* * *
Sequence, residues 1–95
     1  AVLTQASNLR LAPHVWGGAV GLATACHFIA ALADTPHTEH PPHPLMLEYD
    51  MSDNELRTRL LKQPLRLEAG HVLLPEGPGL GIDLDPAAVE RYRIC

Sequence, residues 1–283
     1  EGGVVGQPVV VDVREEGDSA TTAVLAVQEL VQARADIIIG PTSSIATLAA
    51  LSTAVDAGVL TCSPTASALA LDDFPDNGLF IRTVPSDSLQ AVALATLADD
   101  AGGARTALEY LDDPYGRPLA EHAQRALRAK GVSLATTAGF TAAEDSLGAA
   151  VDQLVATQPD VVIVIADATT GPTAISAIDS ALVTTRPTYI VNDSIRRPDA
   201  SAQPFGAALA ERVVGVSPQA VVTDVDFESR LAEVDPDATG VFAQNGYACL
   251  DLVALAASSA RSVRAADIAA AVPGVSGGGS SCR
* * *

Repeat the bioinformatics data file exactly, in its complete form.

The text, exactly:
Sequence, residues 1–95
     1  AVLTQASNLR LAPHVWGGAV GLATACHFIA ALADTPHTEH PPHPLMLEYD
    51  MSDNELRTRL LKQPLRLEAG HVLLPEGPGL GIDLDPAAVE RYRIC

Sequence, residues 1–283
     1  EGGVVGQPVV VDVREEGDSA TTAVLAVQEL VQARADIIIG PTSSIATLAA
    51  LSTAVDAGVL TCSPTASALA LDDFPDNGLF IRTVPSDSLQ AVALATLADD
   101  AGGARTALEY LDDPYGRPLA EHAQRALRAK GVSLATTAGF TAAEDSLGAA
   151  VDQLVATQPD VVIVIADATT GPTAISAIDS ALVTTRPTYI VNDSIRRPDA
   201  SAQPFGAALA ERVVGVSPQA VVTDVDFESR LAEVDPDATG VFAQNGYACL
   251  DLVALAASSA RSVRAADIAA AVPGVSGGGS SCR